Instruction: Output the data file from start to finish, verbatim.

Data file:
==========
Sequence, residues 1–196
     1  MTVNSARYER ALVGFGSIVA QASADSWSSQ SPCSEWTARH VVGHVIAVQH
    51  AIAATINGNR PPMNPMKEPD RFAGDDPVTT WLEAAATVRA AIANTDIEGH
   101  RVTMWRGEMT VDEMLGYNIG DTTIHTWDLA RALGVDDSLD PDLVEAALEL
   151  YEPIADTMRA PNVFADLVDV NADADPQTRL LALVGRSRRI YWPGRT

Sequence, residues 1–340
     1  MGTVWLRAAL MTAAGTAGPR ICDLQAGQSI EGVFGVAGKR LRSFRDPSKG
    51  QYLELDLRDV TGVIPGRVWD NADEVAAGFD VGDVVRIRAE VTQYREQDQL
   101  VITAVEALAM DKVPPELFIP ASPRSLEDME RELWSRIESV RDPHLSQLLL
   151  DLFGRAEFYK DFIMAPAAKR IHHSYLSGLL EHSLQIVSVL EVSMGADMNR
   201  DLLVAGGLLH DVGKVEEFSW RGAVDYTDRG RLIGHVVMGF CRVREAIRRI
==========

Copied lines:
Sequence, residues 1–196
     1  MTVNSARYER ALVGFGSIVA QASADSWSSQ SPCSEWTARH VVGHVIAVQH
    51  AIAATINGNR PPMNPMKEPD RFAGDDPVTT WLEAAATVRA AIANTDIEGH
   101  RVTMWRGEMT VDEMLGYNIG DTTIHTWDLA RALGVDDSLD PDLVEAALEL
   151  YEPIADTMRA PNVFADLVDV NADADPQTRL LALVGRSRRI YWPGRT

Sequence, residues 1–340
     1  MGTVWLRAAL MTAAGTAGPR ICDLQAGQSI EGVFGVAGKR LRSFRDPSKG
    51  QYLELDLRDV TGVIPGRVWD NADEVAAGFD VGDVVRIRAE VTQYREQDQL
   101  VITAVEALAM DKVPPELFIP ASPRSLEDME RELWSRIESV RDPHLSQLLL
   151  DLFGRAEFYK DFIMAPAAKR IHHSYLSGLL EHSLQIVSVL EVSMGADMNR
   201  DLLVAGGLLH DVGKVEEFSW RGAVDYTDRG RLIGHVVMGF CRVREAIRRI